The Future of Engagement – Where the Virtual World Meets the Real World
Earlier this week at its F8 developers conference, Facebook kicked off the festivities with a keynote from Mark Zuckerberg. After starting with a slew of jokes about the comparison of F8 to Vin Diesel’s F8, the eighth installment of the Fast and the Furious franchise – The Fate of the Furious (and no Vin Diesel didn’t make a guest appearance), that’s when things really started to get interesting.
This year’s road map themes felt like a real extension and evolution of last year’s with the next level of Augmented Reality front and center of their new and upcoming products. Like many of us, Zuckerberg really thought glasses would bring out the next big wave of AR adoption, but has very deftly realized that the camera was a far better, more powerful tool for AR with what we’ve all seen with masks and objects in the real world like Pokémon, going so far as to say “we’re making the camera the first augmented reality platform.” Where fancy and expensive glasses failed, I think the camera will win – because of mass adoption of devices with cameras, there is no barrier to entry.
For Facebook, phase 1 was adding and evolving cameras to all of Facebook’s apps and phase 2 is augmenting reality through those cameras. Artificial Intelligence for cameras has been a long time coming, really since back in 2012 or so, but the capability has come on in leaps and bounds since then and “putting that power into your pocket” has been a big focus for Facebook’s engineering team this past year. First comes AI to power experiences like masks and filters to make every day, mundane tasks fun, entertaining, and shareable, but that’s just the tip of the iceberg. Imagine watching one of this weekend’s NBA playoff games, but when Lebron James is at the line to shoot free throws you could easily see his shooting percentage, or you’re going to dinner tonight you could look at a restaurant to see reviews, or if you’re on vacation in London looking at Big Ben you could see overlaid historical footnotes. That as they say, is where the plot thickens.
To help facilitate this and energize the developer communities around this, Facebook announced two things: 1) Frames Studio & 2) AR Studio. Frames Studio is allowing a wider audience to tap into Frames on FB, which are essentially social image filters to let users customize their profile pictures. Select folks have been able to use this previously, but not on a wide basis and we know from experience that this is something media, entertainment, sports, brands, non-profits, etc. all would love to be able to do. AR Studio is opening up the ability for developers to get creative and build on Facebook’s engine to build their own AR experiences. This includes utilizing capabilities like real-time face tracking, hand tracking, body tracking, pinning virtual items in the real world and much more.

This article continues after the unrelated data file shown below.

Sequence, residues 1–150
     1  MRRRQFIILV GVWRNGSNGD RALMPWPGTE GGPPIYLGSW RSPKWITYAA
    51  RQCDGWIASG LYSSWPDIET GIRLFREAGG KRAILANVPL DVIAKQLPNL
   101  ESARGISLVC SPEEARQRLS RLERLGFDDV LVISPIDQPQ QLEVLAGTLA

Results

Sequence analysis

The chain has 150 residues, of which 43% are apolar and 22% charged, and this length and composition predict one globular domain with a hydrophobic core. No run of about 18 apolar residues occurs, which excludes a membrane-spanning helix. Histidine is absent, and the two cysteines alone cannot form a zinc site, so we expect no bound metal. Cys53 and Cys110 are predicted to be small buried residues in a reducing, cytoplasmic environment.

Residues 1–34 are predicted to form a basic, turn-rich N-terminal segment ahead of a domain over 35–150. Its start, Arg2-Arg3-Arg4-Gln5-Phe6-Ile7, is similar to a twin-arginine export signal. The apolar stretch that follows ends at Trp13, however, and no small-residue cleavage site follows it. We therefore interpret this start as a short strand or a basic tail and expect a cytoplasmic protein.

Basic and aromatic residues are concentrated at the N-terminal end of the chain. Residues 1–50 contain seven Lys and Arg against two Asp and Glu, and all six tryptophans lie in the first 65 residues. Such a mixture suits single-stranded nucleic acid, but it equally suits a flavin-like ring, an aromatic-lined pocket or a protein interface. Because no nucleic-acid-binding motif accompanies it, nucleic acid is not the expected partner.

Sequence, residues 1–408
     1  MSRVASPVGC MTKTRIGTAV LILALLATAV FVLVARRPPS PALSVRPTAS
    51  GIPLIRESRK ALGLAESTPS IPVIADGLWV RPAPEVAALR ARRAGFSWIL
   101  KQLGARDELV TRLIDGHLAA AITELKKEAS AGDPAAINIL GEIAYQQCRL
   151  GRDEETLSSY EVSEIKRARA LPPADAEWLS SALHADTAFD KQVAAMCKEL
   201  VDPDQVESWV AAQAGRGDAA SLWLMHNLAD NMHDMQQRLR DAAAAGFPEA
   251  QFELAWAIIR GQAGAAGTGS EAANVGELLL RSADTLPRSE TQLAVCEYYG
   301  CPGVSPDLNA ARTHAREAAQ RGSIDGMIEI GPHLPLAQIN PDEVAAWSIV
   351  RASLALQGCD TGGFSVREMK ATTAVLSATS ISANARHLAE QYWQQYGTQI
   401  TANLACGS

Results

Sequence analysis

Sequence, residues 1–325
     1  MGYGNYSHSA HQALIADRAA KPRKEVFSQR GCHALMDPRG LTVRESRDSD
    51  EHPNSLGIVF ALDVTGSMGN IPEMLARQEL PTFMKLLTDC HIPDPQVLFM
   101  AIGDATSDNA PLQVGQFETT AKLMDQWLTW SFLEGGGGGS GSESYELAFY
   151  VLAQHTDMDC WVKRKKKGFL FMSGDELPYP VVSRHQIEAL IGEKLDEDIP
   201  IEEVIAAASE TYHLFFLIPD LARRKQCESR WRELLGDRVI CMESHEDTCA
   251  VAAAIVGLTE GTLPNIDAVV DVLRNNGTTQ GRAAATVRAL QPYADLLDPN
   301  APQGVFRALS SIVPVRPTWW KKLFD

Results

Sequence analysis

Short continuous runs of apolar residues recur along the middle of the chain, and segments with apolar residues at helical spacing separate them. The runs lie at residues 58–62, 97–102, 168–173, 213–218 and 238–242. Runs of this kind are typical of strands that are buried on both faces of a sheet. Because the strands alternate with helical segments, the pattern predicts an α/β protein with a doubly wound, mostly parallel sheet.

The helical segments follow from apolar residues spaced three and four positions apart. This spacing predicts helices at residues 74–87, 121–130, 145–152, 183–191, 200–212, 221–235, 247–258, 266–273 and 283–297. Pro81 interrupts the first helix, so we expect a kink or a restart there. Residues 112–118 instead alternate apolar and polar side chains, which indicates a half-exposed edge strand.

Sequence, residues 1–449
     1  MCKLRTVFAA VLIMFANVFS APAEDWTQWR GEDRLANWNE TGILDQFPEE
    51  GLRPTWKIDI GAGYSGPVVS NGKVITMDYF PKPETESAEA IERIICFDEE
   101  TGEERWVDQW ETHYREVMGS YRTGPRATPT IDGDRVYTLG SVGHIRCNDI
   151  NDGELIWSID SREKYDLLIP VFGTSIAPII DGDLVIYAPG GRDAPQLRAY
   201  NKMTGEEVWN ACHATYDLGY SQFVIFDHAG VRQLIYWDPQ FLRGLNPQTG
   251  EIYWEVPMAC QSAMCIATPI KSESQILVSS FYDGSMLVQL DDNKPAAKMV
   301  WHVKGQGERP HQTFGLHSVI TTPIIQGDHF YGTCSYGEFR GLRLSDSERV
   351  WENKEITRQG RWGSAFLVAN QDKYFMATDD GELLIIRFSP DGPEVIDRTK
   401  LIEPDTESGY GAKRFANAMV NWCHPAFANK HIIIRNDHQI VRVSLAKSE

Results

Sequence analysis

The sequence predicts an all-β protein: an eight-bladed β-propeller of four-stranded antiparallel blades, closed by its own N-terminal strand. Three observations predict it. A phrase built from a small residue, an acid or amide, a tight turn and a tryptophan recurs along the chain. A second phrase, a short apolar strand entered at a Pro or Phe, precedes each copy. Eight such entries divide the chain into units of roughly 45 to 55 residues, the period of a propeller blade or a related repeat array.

Other key highlights from the conference were Social Virtual Reality and Messenger Platform 2.0. In the VR space, I have some bad news for all the young or soon to be parents out there – with the arrival of Facebook Spaces to beta, in the not too distant future your kids may no longer want to hang out with you in person. Instead, they may want your avatars to meet their own VR world that Spaces would let them create, so better start purchasing your Oculus headsets now and get practicing. The birds and the bees conversations in the future should certainly be very interesting! Social VR certainly has endless possibilities, but still has some very big hurdles to clear, 1,000’s of them actually. With the combination of costs for Oculus and a fairly beefy desktop computer currently required, that means a very sizable investment to get users on to the platform. For this to really fulfill the promise of VR, the tech will need to continue to evolve and get much cheaper for mass adoption.
Messenger 2.0 also brings a variety of new capabilities to the growing platform, but two of these really stood out to me. The first is a new Discover tab allowing users a much easier way to find and engage with the bots most relevant for them, making Messenger the “yellow pages” of messaging. Bots still do have a discovery challenge at the moment, and this sounds like a great stride to improving that process. The second is Chat Extensions, which allow users to bring in other businesses or bot into conversations, e.g. use Spotify to bring songs into your conversations. Along those lines it was said that this will be a big year for Music on Messenger with Apple Music coming to the platform soon.
I’ll save the best, or at least most intriguing highlight, for last. Zuckerberg very subtly slipped into the keynote that Facebook has been researching brain to computer technology that will “one day let you communicate using only your mind.”
We don’t anticipate incorporating telepathic technology into our toolset just yet, but our engineering team is looking at how our Live Studio platform may evolve in the future with 360 Video and AR very much in our line of sight. We already have Messenger capability and new features like Chat Extensions make perfect sense in our roadmap to enhance the user experience. Watch this (virtual) space…